Antimicrobial susceptibility and serotypes of Neisseria meningitidis and Streptococcus pneumoniae in Sri Lanka: Experience from the National Reference Laboratory
Lilani Karunanayake1, Veeraraghavan Balaji2, K. D.N. Gunawardana1, Rosemol Varghese2, Vayishnavi Ariram1, Malka Dassanayake3, Vaithehi Rajeevan Francis4, Lakmini Yapa5, Chamika Herath6, Nambage Shirani Chandrasiri7, Priyanka Wimalagunawardhana8, K Dhananja Namalie9, CT Hapuarachchi10
1 Department of Bacteriology, Medical Research Institute, Colombo, Sri Lanka
2 Department of Microbiology, Christian Medical College, Vellore, India
3 Lady Ridgeway Children's Hospital, Colombo, Sri Lanka
4 Department of Pathophysiology, Faculty of Healthcare Sciences, Eastern University, Sri Lanka
5 Teaching Hospital, Anuradhapura, Sri Lanka
6 District General Hospital, Moneragala, Sri Lanka
7 Colombo South Teaching Hospital, Kalubowila, Sri Lanka
8 District General Hospital, Polonnaruwa, Sri Lanka
9 North Colombo Teaching Hospital, Ragama, Sri Lanka
10 District General Hospital, Mannar, Sri Lanka
Department of Bacteriology, Medical Research Institute, Colombo
Source of Support: None, Conflict of Interest: None
Objective: To determine the antimicrobial susceptibility and serotypes of Neisseria (N.) meningitidis and Streptococcus (S.) pneumoniae in Sri Lankan patients.
Methods: We retrospectively analyzed 11 blood culture specimens from suspected patients with invasive meningococcal disease and 26 S. pneumoniae clinical isolates. We tested 6 antimicrobials against N. meningitidis and 12 antimicrobials against S. pneumoniae. Meningococcal serogroup was determined by realtime PCR and Quellung serotyping was used for pneumococcal analysis.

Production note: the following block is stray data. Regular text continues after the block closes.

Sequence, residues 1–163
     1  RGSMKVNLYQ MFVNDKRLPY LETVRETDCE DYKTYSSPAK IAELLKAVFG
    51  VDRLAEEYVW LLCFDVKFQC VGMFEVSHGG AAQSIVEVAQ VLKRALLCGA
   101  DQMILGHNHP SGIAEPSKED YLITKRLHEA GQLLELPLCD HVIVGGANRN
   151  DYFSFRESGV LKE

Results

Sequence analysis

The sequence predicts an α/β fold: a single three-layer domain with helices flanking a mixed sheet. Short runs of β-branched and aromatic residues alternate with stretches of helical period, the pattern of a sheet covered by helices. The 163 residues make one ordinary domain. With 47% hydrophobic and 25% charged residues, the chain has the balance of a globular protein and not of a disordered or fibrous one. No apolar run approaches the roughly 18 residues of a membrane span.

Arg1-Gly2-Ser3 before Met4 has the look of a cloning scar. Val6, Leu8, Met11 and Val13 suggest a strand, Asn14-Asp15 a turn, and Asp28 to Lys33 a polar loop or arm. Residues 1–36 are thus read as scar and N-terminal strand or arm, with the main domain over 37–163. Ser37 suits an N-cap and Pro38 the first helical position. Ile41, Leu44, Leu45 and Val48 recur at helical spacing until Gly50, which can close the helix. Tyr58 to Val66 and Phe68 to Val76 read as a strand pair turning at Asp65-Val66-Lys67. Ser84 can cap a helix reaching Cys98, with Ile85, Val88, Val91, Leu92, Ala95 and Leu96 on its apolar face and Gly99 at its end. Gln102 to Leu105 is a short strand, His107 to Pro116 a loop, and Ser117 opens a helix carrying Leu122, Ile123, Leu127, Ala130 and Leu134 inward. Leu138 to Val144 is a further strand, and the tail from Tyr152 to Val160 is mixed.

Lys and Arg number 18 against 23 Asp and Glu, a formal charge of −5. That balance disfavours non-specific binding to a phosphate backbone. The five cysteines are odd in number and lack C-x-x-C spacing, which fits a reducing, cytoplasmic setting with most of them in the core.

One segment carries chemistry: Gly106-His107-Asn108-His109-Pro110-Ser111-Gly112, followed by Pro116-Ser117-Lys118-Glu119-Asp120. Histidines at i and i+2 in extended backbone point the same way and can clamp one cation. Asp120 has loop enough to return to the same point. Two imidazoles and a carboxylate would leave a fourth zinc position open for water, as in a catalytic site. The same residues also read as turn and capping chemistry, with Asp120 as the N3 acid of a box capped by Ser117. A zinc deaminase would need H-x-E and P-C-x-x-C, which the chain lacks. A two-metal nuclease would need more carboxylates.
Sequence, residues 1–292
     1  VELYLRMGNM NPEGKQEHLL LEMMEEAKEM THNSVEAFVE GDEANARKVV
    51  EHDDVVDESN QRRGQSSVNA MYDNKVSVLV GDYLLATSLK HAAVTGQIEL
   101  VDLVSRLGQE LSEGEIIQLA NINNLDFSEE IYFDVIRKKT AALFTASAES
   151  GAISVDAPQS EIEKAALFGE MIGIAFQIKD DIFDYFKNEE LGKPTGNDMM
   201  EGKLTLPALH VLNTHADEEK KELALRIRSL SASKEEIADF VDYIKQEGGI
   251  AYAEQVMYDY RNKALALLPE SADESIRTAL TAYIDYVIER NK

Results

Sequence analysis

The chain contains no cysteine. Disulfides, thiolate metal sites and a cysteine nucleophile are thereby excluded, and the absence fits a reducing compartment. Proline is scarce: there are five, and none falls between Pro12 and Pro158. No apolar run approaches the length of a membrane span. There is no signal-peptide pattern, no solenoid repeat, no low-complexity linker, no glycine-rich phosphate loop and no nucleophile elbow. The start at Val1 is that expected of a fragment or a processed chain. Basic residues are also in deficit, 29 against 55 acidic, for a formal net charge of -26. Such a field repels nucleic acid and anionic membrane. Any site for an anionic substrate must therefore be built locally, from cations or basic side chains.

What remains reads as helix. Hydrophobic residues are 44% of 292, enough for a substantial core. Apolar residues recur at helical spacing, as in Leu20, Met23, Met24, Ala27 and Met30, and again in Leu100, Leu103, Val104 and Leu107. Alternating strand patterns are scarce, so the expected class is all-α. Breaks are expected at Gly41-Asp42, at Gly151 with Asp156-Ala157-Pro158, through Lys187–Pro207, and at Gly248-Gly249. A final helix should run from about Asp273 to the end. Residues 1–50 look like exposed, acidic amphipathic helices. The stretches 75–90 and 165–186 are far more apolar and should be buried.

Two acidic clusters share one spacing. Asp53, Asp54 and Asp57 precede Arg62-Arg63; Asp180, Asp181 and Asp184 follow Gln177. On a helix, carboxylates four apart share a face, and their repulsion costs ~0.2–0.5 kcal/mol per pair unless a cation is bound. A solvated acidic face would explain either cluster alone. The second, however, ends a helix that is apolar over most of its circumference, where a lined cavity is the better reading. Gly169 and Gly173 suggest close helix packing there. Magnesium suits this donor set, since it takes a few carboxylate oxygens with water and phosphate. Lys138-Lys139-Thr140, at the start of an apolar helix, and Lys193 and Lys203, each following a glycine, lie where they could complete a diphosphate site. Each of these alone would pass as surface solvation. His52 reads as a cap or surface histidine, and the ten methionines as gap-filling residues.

Results: N. meningitidis serogroup B was the most common in this study. Intermediate-susceptibility to penicillin was seen in 75.0% (6/8) of strains. Susceptibility to ciprofloxacin, levofloxacin and cotrimoxazole was 62.5% (5/8), 62.5% (5/8) and 87.5% (7/8), respectively. Excellent susceptibility was seen in cefotaxime and meropenem. In S. pneumoniae, the most common serotype was 19F in both invasive and non-invasive pneumococcal diseases. The majority of strains showed multidrug resistance. Penicillin non-susceptibility in non-meningeal strains were 13.6% and all meningeal strains were penicillin resistant. Erythromycin was highly resistant in both groups. Amoxicillin showed excellent susceptibility in non-invasive pneumococcal diseases strains. Linezolid, levofloxacin and vancomycin showed 100.0% susceptibility in all pneumococcal isolates.
Conclusions: Implementation of vaccines should be considered, especially for children and high-risk populations. This may contribute to reducing pneumococcal and meningococcal invasive disease burden and help prevent emergence of antimicrobial resistant strains.